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Tuesday, March 26, 2013

The King of Wayward Kickstarters - Axes & Anvils (is pretty much dead)



Latest update can be summarized as thus:

The money is gone, I spent more time running kickstarters and organizing cons than I did to actually write the games in question. I fucked up, but so do 40% of RPG kickstarters that never produce a product (a number puled out of his nether region). No worries tho, because I can still try the pyramid scheme to have a later project fund an earlier one - wait, that's what put me here in the first place...

Here it is in it's full glory:


Project Update #39: Update

Posted by Mike Nystul

So here's the thing. I screwed up. I started a game company and proceeded as though the cash flow and production speed would keep pace. They did not. I’ve tried to keep you informed and up-to-date, but most of all I’ve tried to deliver on expectations. So far, all you’ve seen are delays and broken promises. I take this situation very seriously.

The long and the short of it is that Cairn and Axes and Anvils have become troubled projects. We are out of money, due to some poor decisions on my part. People have asked for refunds I can't possibly give them.

Some 40% of RPG Kickstarters fail, their sponsors simply disappearing with the money (bull fucking shit Mike! 40% may be late, seriously late, but few totally fail after collecting cash - it may be that 40% fail to fund, but that's not the issue here). Good people don’t ever see the projects in which they put their faith, and they don’t receive refunds. That number haunts me. That will not happen here.

Cairn could use more work to make it what it should be. I was rushing to get it out and turned in some inferior work. I just wanted to get something out the door and into your hands. Axes and Anvils has suffered because I was thinking like someone running a company and has too much going on at once.

We have discussed ways in which to get something into your hands – maybe ashcans like the old D&D White Books. It’s not the finished project, but it lets you see what we’re doing and lets you start playing with it as soon as possible.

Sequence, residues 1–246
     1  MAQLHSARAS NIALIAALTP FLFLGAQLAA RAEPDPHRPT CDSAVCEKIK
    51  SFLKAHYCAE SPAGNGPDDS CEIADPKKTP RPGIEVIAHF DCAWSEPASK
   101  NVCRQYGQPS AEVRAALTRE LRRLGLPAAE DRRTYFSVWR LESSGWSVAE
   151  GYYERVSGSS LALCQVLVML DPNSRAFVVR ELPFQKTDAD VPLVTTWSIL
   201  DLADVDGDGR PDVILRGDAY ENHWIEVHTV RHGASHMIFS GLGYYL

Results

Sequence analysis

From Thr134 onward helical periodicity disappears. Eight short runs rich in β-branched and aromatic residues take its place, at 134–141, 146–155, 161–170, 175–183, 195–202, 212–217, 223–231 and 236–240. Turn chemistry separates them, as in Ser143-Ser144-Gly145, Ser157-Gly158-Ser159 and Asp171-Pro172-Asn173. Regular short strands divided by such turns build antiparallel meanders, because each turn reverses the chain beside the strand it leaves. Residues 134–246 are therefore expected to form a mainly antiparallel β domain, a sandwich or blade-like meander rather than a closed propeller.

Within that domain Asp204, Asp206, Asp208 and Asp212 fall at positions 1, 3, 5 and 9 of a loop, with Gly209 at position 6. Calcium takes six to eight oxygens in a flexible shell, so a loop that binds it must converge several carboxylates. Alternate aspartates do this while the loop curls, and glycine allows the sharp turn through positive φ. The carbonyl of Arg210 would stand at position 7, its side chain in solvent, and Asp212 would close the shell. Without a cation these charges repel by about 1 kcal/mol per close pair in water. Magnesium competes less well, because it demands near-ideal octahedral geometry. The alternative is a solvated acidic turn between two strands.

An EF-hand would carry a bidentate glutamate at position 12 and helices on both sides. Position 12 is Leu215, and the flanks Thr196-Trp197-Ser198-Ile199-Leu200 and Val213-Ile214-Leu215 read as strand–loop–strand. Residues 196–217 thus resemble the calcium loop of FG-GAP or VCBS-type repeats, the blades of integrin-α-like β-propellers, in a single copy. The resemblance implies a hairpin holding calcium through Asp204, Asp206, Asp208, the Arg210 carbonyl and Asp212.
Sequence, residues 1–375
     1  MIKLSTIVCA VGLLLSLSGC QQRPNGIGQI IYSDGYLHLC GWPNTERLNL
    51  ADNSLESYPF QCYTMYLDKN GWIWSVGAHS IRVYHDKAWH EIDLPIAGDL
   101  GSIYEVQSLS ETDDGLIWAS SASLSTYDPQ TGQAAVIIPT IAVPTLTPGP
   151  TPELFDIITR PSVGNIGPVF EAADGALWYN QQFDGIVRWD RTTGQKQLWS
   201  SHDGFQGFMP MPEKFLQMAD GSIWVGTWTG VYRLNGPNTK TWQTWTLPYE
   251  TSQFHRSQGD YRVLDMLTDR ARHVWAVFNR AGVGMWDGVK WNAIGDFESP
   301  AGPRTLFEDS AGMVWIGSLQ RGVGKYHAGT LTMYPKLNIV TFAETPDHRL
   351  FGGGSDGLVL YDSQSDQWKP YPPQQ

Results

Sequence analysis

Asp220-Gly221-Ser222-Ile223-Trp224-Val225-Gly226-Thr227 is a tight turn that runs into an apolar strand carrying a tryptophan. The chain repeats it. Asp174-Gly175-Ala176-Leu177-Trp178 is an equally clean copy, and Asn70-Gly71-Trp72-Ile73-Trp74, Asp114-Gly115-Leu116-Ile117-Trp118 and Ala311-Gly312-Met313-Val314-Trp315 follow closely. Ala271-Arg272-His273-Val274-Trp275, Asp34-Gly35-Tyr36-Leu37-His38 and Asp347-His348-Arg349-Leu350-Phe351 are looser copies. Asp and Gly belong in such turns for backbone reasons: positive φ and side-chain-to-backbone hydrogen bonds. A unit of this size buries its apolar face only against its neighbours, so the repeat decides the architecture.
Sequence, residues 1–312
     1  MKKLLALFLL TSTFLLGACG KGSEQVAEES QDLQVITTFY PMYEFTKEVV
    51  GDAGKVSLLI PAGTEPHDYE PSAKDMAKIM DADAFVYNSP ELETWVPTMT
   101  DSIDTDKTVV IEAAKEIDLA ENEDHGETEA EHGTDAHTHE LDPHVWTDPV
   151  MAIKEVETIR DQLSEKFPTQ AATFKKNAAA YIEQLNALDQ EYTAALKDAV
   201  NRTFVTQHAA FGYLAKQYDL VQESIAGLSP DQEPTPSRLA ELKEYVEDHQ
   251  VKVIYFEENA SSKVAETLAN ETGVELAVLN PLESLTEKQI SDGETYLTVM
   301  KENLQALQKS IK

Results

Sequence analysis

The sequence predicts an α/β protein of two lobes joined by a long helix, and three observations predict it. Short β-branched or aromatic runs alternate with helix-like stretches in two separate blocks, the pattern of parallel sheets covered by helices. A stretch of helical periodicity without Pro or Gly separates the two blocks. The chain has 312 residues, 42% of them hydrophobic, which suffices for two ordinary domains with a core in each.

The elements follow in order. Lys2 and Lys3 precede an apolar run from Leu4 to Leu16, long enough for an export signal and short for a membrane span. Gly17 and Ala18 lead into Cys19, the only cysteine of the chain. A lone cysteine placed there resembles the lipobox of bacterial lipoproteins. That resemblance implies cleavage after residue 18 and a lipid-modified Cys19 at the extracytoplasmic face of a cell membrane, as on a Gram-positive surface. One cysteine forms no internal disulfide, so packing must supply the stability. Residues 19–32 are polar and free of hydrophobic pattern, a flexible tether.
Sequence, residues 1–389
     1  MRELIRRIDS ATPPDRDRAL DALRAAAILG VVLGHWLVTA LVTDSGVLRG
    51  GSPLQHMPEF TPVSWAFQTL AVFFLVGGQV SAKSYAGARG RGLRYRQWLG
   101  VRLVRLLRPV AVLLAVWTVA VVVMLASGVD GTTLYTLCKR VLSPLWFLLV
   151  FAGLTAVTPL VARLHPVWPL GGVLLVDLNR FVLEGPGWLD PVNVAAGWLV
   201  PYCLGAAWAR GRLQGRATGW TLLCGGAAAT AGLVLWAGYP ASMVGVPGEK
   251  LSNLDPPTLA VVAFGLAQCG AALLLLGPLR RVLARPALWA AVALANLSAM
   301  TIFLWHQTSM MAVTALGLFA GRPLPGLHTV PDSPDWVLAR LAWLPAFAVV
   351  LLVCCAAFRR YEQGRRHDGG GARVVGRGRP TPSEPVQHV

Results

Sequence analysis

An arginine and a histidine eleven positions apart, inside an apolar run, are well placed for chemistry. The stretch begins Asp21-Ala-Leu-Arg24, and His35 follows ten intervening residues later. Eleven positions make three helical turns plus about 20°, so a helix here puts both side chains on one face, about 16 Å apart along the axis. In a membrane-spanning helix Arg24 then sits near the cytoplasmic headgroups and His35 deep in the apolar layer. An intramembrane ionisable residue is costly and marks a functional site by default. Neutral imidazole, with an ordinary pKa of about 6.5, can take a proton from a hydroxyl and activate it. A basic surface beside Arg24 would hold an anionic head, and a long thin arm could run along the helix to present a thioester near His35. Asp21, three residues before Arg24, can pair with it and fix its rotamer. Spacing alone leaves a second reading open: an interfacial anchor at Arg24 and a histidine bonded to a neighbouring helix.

I believe in these games. I will move heaven and earth to get it out, and into your hands. Every promise made will be honored – every tankard and every last stitch on every last plush. This company and it's products will NOT be numbered among the 40%. I and everyone involved in the project are completely committed to that notion. All I can do is be completely honest with you, and ask you all to forgive my my stupidity and bear with me as I make it right.

I tried to salvage the company with my well intentioned, but poorly received, IndieGogo campaign. I see the point of the people who objected - I was not an effective custodian of your investment in the first place. Why invest more? An excellent point. All I can really say is my goal here has nothing at all to do with money.

Case in point - one of my bad decisions was DwarfCon. We didn't have the money or manpower to mount a first year Convention. Based on optimistic projections of where I thought we would be it seemed like a good idea. I shut it down and took a big hit. Because my first priority is the people who supported the idea I'm mounting NonCon instead. For free. A way to try to make good without asking for anything but your moral support.

Moving forward, I am searching for ways to fix these problems that don't call for anyone to invest further or take a leap of faith. I may try another IndieGoGo but this time for a complete in-hand game. Not a promise. A product. I will be working as hard as I know how to dig myself out of the hole I find myself in. My heartfelt thanks to everyone who has been patient and understanding.

19 comments:

  1. Wow. Just...wow. These crash-and-burn scenarios seem to be getting more prevalent, eh? I think people need to calm down with the Kickstarters for a while. At the very least, folks need to start balancing dreams with practicalities. Like Dirty Harry said, you have to know your limitations.

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  2. Hum, I wonder how this will effect "Nystul's Infinite Dungeon" which I was a backer for...

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  3. I wish KS had a way to "rate" project sponsors (like Ebay sellers). Maybe it has that functionality and I simply don't see it, but it seems silly that someone should be able to pull a stunt like this without there being any feedback mechanism in place. At a minimum, future backers should be warned about the guy's track record...

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    1. Unlike eBay, where if you don't get your $20 widgit you can leave a neg FB, there should be a MUCH higher penalty if someone defrauds 500+ people of $35,000.

      And, yes, with all of the assholery I'm seeing with take-the-money-and-run KS projects, I feel there should be legal contracts in place for future KS projects with very real, very binding penalties in place for such shenanigans.